The number of new IDF recruits requesting to serve in combat units passed the 70 percent mark on Monday, an all-time high.
The November 2006 draft got under way at the recruitment center at Tel Hashomer on Sunday.
During his visit to the recruitment center, IDF Chief of Staff Lt.-Gen. Dan Halutz was presented with the figures by Maj. Gen. Elazar Stern who heads the army's human resources directorate.
During last year’s November draft, 69.6 percent of recruits asked to serve in combat positions.
The figures are particularly encouraging in light of the military’s failures during the recent war in Lebanon, which placed the future soldiers’ motivation in question.
The highest demand was for the Golani Brigade with 1.9 candidates for each place. The Nahal Brigade had a rate of 1.7 candidates for each available place.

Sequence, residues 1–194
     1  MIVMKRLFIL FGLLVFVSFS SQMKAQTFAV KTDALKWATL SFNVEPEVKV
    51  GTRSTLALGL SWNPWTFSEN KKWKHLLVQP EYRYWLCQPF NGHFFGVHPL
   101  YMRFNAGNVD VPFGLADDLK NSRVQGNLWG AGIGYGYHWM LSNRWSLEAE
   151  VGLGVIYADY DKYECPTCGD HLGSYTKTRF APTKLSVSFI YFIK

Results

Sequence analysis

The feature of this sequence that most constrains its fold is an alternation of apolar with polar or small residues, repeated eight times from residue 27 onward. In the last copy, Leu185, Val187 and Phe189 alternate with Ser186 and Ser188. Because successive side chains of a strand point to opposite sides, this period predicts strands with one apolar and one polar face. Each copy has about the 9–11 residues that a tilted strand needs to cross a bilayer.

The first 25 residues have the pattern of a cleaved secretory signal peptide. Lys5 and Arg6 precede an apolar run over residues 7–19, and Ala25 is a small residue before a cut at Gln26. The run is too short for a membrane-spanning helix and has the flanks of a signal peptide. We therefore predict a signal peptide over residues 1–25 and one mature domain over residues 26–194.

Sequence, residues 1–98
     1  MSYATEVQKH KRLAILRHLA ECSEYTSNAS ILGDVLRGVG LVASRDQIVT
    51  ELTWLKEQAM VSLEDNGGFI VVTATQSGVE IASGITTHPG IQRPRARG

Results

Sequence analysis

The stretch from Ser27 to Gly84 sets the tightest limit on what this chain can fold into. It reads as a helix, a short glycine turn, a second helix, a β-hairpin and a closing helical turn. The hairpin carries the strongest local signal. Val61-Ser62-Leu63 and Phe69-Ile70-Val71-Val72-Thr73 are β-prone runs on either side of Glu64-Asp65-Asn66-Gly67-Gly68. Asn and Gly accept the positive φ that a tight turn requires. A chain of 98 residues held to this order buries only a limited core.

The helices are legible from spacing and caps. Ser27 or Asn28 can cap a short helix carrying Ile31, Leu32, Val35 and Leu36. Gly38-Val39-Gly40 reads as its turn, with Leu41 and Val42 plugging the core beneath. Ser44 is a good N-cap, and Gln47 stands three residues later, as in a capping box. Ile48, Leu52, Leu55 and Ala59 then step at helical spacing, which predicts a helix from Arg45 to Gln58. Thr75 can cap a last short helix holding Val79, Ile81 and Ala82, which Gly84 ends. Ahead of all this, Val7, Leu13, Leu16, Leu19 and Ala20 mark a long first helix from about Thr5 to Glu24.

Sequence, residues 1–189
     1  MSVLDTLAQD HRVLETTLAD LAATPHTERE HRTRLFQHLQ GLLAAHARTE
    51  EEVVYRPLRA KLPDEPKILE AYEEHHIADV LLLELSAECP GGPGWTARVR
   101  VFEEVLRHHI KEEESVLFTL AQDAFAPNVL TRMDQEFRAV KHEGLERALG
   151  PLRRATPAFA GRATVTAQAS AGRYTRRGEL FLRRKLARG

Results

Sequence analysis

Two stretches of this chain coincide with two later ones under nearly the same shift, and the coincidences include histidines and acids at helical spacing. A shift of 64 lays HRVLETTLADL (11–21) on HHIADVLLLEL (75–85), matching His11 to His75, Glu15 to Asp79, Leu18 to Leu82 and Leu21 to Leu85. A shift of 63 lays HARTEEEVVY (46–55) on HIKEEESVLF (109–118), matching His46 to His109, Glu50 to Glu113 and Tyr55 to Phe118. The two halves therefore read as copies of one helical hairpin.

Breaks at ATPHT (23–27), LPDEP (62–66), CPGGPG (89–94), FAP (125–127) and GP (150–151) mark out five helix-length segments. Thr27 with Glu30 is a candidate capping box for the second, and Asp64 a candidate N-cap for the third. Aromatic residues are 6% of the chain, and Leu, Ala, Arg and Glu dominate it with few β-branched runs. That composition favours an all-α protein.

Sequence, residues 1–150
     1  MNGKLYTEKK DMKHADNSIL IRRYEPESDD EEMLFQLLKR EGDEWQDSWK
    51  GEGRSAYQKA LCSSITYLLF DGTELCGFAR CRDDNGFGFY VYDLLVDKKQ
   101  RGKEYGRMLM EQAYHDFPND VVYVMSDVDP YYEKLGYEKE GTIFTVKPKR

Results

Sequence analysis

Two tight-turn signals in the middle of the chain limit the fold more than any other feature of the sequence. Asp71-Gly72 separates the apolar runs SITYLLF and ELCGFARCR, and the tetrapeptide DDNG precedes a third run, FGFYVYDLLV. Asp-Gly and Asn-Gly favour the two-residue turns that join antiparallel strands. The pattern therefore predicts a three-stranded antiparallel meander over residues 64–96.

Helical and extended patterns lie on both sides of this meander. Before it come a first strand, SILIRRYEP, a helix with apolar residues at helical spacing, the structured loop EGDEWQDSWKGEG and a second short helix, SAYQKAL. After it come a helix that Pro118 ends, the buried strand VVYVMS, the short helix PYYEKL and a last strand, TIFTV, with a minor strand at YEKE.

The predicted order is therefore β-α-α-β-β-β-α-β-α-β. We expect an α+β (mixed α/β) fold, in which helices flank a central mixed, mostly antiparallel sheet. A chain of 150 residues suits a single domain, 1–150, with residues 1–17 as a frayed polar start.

The Givati Brigade registered a slight drop in demands to join its ranks, having one candidate for each available place.
The newly established Brigade 900 registered 1.1 more demands to join its ranks than available.
Maj.-Gen. Stern said the more combat the brigade the more candidates wanted to join its ranks.
The IDF has frozen plans to reduce military service under a plan submitted by former defense minister Shaul Mofaz. Defense Minister Amir Peretz is set to rule whether to slash the period of military service.
"The question of shortening the service depends on a number of factors – including the drop in the scope of the pool of recruits and the reserve service law. We need to do a study of all the fact against the missions and security needs. Some of these things are in our hands and some are in the hands of the political echelon," he said.
Stern said that the project that started last year to allow them to donate marrow is ongoing. So far, 33,000 soldiers underwent suitability tests, with 67 percent found suitable for patients and 14 donating marrow.
"Soldiers created a situation where the chances in Israel to find marrow grew by 10 percent, and this is touching and warms the heart," Stern said.